Depleting stocks, longer delivery time: Companies on meeting vitamin C supply amid COVID-19 disruption

By Tingmin Koe contact

- Last updated on GMT

Vitamin C is high in demand amid the COVID-19 outbreak. ©Getty Images
Vitamin C is high in demand amid the COVID-19 outbreak. ©Getty Images

Related tags: Vitamin c, COVID-19, Supply chain

The huge demand for vitamin C has sent stocks running low for retailers and the situation is further complicated by longer delivery times and more expensive freight costs.

A check on a number of APAC dietary supplement retailers’ websites on April 8 showed that several vitamin C brands were sold out.

For example, on Watsons Singapore’s website​, products such as Enervon vitamin C tab, DHC sustained released vitamin C tablets, and Redoxon are sold out.

On iHerb Malaysia’s website​, the same case applies to Mason Natural’s vitamin C 500mg tablets and Life Extension’s buffered vitamin C powder. 

Dietary supplement firm Cambert, which manufacturers products under the brand Kordel’s is also seeing its vitamin C stocks running low and the manufacturing partners have asked for a longer time to deliver the products. 

“The sales have grown by two to three times month-on-month. Compared to last year, it has really spiked,” ​GM Ho Swee Lin told NutraIngredients-Asia.

The company engages contract manufacturers from Europe, the US, Canada, Australia, and New Zealand.

Ho said that the overseas manufacturers have been requesting a longer lead time for product delivery.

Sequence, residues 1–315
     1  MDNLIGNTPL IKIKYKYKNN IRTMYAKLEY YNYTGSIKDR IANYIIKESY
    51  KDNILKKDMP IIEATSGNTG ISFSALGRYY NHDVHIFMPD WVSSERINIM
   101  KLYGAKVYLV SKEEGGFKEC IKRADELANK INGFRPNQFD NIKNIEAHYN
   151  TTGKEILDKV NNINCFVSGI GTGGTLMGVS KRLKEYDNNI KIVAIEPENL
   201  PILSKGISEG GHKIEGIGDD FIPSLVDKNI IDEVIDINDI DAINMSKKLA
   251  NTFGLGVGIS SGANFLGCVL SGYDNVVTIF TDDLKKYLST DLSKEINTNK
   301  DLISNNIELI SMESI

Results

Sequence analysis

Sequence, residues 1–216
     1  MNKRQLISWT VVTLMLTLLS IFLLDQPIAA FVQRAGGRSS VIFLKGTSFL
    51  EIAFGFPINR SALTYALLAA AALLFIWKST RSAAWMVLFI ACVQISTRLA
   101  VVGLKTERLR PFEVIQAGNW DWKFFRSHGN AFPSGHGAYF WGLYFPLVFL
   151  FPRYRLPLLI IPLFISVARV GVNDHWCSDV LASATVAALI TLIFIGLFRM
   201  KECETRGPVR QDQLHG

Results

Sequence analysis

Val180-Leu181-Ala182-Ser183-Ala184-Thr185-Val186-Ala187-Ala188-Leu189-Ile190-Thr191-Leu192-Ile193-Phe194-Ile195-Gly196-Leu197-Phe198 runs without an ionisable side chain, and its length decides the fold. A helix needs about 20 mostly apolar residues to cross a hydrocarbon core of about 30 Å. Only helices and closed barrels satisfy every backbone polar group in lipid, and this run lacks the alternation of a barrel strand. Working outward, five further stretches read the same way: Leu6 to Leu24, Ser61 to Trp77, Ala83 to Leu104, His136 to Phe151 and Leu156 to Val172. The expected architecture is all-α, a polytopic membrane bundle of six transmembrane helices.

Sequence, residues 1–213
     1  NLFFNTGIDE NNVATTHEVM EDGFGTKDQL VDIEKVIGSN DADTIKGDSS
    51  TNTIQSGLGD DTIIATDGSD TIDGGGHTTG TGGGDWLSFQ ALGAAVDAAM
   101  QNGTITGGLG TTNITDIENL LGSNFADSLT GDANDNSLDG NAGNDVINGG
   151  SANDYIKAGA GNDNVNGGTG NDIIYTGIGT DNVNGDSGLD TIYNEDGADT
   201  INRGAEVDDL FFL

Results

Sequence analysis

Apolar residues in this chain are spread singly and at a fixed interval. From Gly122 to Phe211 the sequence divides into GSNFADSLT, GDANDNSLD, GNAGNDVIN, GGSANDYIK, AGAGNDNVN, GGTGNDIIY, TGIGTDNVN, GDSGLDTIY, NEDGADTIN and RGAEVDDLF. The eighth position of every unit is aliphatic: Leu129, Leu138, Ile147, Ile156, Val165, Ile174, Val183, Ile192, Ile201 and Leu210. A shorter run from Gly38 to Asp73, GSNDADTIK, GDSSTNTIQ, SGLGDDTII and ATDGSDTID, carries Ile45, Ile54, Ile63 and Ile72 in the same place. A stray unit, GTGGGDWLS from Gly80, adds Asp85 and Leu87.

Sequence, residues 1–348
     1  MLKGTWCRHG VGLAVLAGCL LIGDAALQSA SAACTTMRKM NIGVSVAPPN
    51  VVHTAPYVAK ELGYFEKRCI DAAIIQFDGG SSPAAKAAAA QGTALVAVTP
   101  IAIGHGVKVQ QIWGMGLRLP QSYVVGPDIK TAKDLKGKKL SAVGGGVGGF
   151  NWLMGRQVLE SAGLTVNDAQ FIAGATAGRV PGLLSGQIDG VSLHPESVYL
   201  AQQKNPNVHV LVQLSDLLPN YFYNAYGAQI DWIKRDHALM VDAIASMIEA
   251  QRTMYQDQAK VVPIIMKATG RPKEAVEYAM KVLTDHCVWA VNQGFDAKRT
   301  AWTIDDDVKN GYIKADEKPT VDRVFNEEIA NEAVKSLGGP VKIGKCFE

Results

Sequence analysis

On top of that, there was also the issue of pricier freight cost.

“Suppliers have been asking us to air freight, however, because all airlines have cut down on their air cargo, the price of air cargo has also increased by at least two times,”​ he said.

From a supplier point of view, DSM, which is one of the world’s largest vitamin C suppliers, said that both its plants in Jiangshan, China and Dalry, Scotland were still running at full capacity at present, with strict hygiene and precautionary measures implemented.

Both plants supply for the global markets. The Jiangshan site has a production capacity of about 25 kilotons.

“We expect that the consumption of these nutrients and functional ingredients, as single ingredient or premix solutions, will continue to increase,”​ Nelleke Barning, VP of global communications & external affairs nutrition, told us.

Since the impact of the novel coronavirus evolves constantly, and the demand of essential micronutrients can change, as can circumstances in specific countries, we will do our utmost to ensure continued supply,”​ Barning added.

Turning to orange juice

On the other hand, there are consumers who have turned to orange juice on the belief that doing so could meet their vitamin C needs.

According to a report from CNBC ​on April 1, ​orange juice futures were up more than 25% in last month. This means that the future price of orange juice is expected to go up.

This has in fact, reversed the pre-outbreak situation, when orange juice futures had dipped to low levels. 

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